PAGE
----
The Dupont Analysis: Definition, Formula and Examples
By Indeed Editorial Team
Published 8 May 2022
The Indeed Editorial Team comprises a diverse and talented team of writers, researchers and subject matter experts equipped with Indeed's data and insights to deliver useful tips to help guide your career journey.
Financial advisors and investors often use the DuPont return on equity analysis model to attain important information about the capital structure of a company and its returns on equity. This helps them learn more about a company's financial performance and make more informed investment decisions. Understanding what a DuPont analysis is can help you prepare for a career in finance. In this article, we discuss what the DuPont analysis model is and explain its formula and components.
What is a DuPont analysis?
The DuPont analysis is a multi-step financial framework that gives you more information on the fundamental performance of a company. The framework helps you calculate a company's return on equity to find out more about its strengths and weaknesses. This financial equation is also commonly referred to as the DuPont model. The DuPont model originated from the DuPont Corporation, a company that created this model during the 1920s.
Formula for calculating the DuPont model
The DuPont model is an expanded version of the return on equity formula. This formula uses three factors that break down the original equation for the return on equity. The factors are the total asset turnover, equity multiplier and the total asset turnover. To calculate it, you multiply the net profit margin of a company by its asset turnover using the equity multiplier. The framework shows that a company can have an increased return on equity if they maintain a high-profit margin by utilising its assets effectively to increase its asset turnover. Here's the equation for the Dupont model:
DuPont analysis = Net profit margin x Asset turnover x Equity multiplier
The three components all represent the result of a different formula. When you replace each component in the DuPont model with the original formulas of the components, the equation becomes like this:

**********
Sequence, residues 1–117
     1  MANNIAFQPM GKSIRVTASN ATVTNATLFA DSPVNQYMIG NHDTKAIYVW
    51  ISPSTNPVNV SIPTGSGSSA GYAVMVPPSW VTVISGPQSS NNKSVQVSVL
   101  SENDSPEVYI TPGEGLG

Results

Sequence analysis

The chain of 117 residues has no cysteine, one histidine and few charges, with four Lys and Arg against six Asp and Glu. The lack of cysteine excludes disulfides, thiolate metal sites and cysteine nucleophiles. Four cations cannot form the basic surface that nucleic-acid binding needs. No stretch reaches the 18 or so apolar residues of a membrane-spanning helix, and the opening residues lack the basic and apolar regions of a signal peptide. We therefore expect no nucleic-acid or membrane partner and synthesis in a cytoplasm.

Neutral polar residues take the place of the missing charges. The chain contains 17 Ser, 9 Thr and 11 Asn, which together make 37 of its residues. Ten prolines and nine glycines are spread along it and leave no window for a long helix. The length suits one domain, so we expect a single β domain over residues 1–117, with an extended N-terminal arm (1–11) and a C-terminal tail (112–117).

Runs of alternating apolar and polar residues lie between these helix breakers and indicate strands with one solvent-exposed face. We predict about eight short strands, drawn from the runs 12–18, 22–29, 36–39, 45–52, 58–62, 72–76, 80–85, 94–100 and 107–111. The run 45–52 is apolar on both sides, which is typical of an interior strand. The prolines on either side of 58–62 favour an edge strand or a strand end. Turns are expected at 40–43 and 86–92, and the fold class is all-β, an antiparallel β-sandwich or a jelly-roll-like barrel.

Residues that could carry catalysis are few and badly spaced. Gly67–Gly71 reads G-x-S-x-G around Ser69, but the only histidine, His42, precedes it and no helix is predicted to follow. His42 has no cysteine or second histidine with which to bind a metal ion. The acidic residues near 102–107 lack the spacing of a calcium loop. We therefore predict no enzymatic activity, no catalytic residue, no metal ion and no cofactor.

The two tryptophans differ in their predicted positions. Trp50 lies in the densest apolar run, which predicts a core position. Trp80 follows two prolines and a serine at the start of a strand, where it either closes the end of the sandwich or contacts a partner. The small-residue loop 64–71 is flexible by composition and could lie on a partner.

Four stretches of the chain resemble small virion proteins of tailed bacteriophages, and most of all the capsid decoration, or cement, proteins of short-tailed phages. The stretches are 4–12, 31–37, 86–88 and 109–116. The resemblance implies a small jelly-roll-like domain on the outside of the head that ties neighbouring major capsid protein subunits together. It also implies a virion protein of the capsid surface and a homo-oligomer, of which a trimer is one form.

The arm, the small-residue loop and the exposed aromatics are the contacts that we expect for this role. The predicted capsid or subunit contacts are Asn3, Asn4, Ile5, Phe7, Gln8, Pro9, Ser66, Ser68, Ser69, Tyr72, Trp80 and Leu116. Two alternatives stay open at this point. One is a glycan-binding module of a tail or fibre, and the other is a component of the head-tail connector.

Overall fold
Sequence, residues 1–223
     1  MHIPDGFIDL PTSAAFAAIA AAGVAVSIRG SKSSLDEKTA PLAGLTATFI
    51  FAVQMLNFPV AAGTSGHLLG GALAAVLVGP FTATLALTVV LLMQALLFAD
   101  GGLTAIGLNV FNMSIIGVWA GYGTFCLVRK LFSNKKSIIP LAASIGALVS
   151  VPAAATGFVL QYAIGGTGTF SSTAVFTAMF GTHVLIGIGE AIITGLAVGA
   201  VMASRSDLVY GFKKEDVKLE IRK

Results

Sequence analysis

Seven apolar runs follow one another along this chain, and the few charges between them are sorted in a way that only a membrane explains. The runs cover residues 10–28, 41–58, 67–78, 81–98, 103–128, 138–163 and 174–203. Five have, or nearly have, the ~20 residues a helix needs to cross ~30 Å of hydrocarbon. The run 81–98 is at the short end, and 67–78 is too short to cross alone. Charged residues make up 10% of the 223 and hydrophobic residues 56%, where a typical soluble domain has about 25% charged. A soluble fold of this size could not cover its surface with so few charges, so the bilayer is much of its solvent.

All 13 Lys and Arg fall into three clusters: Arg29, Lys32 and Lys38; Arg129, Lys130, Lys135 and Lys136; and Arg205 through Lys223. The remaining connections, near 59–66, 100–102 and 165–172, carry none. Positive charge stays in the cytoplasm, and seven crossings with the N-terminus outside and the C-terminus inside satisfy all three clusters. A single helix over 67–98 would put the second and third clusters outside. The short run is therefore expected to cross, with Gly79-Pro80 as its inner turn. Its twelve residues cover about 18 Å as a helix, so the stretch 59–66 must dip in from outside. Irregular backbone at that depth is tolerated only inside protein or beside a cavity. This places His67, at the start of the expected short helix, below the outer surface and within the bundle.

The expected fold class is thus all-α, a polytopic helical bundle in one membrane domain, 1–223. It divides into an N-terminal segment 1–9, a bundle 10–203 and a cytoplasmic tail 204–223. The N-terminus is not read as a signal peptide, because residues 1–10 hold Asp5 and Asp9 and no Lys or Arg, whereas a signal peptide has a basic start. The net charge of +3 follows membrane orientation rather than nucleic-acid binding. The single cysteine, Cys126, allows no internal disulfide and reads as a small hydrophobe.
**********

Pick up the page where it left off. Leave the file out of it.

DuPont analysis = (Net income / Revenue) x (Sales / Average of total assets) x (Average of total assets / Average of equity shareholders hold)
The components of the DuPont model
Here's more information about the DuPont model's three components:
Net profit margin
A company's net profit margin shows a representation of its remaining percentage of profits after deducting its expenses. To calculate a company's net profit margin, you divide its net profit by its total revenue. Here's the formula to calculate the net profit margin:
Net profit margin = Net income / Revenue
A business analyst usually calculates a company's net profit margin as a measure of its profitability. An increase in a company's net profit margin typically signals an increase on its return on equity. The net profit margin concept shows that a company can get better profit margins if they increase their prices, reduce their costs or use a combination of both methods.
Total asset turnover
A total asset turnover represents the efficiency of a business when it comes to using its assets to generate revenue. You can calculate a company's total asset turnover by dividing its revenue by its average assets. Here's the equation you can use to find the total asset turnover of a company:
Total asset turnover = Revenue / Average assets
An increase in a company's total asset turnover also leads to an increase on its return on equity. A company's total asset turnover ratio is usually inversely related to its net profit margin. The higher a company's net profit margin is, the lower its asset turnover rate is. Knowing this can help investors compare a company that uses a high-profit and low-volume business model with another that does the opposite. This knowledge can help them decide which company is more effective in getting a return on equity.
An equity multiplier refers to the measurement of a company's financial leverage and shows how much of its return on equity ratio results from debt. To calculate a company's equity multiplier, you can divide its average total assets by the company's average shareholders' equity. Here's the formula for finding a company's equity multiplier: